A mathematical model is an abstract model that describes the behaviour and evolution of a system using mathematical terminology. Mathematical models are frequently employed in a variety of scientific and technical domains (such as physics, biology, chemistry and engineering). Continuous time and discrete time dynamical systems (using differential equations and difference equations, respectively), statistical models, partial differential equations, and game theoretic models are all examples of mathematical models. Mathematical modelling plays a critical role in identifying problems that arise in our daily lives. Experimental data is commonly interpreted using mathematical and computational models. Models can also assist us in describing our thoughts about how various phenomena in the world operate. We strive to translate those beliefs and images into mathematical language through mathematical modelling. This transition is really advantageous. Math is, first and foremost, a precise and delicate language. Second, we may quickly create concepts and discover the fundamental assumptions. In mathematics, the controlled rules assist us in manipulating the problem. In a nutshell, we use results that have already been proven by mathematicians over hundreds of years in mathematical modelling. In order to do numerical simulations and calculations, computers are essential. Although many real-world systems are too complex to model, we may solve this problem by identifying the most significant aspects of the system and including them in the model, while leaving the rest out. The model equations and desired manipulations can then be handled via computer simulations.**Author(s) DetailsTahmineh Azizi**Department of Mathematics, Kansas State University, USA.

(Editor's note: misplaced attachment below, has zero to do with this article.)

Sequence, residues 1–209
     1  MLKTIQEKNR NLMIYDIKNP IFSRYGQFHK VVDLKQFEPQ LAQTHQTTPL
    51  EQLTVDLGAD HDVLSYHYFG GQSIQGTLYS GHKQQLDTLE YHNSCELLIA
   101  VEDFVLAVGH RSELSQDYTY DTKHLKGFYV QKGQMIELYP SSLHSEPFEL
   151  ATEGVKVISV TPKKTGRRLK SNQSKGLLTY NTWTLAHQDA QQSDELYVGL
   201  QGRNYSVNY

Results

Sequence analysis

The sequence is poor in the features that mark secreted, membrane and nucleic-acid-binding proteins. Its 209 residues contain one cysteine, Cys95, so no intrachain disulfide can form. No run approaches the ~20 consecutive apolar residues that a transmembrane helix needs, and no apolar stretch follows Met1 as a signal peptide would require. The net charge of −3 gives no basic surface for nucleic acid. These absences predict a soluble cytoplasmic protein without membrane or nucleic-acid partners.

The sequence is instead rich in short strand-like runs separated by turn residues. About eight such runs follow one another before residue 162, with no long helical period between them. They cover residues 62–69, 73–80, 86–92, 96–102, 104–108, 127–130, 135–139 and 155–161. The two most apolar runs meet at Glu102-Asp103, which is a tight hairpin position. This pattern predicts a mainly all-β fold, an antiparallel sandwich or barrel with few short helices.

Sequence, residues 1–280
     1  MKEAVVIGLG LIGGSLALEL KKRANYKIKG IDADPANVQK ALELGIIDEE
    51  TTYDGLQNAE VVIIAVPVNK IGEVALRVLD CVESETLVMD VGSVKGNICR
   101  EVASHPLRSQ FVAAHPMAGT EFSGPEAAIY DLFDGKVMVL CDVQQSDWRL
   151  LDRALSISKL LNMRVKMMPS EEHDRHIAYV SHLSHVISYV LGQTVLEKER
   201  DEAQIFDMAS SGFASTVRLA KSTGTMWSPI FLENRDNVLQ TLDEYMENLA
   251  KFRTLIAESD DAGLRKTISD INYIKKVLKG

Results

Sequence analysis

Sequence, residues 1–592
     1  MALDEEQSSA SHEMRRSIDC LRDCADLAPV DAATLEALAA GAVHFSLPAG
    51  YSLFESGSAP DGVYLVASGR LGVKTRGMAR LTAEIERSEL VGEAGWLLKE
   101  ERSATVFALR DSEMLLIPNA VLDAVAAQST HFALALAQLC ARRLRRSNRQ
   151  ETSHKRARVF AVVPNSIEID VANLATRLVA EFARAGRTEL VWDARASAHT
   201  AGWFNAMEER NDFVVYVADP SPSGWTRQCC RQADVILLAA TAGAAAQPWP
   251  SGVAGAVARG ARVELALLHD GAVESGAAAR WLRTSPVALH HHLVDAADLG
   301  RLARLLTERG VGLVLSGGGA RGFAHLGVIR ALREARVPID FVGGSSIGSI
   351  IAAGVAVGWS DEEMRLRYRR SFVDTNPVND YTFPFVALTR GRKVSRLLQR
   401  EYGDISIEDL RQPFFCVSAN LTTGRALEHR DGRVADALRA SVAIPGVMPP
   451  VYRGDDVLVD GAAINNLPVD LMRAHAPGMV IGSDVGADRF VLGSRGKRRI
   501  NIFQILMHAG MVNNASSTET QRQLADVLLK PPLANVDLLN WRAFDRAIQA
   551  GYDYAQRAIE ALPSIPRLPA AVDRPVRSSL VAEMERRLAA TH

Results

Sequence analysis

**Bacim Alali**

Department of Mathematics, Kansas State University, USA.

**Gabriel Kerr**

Department of Mathematics, Kansas State University, USA.

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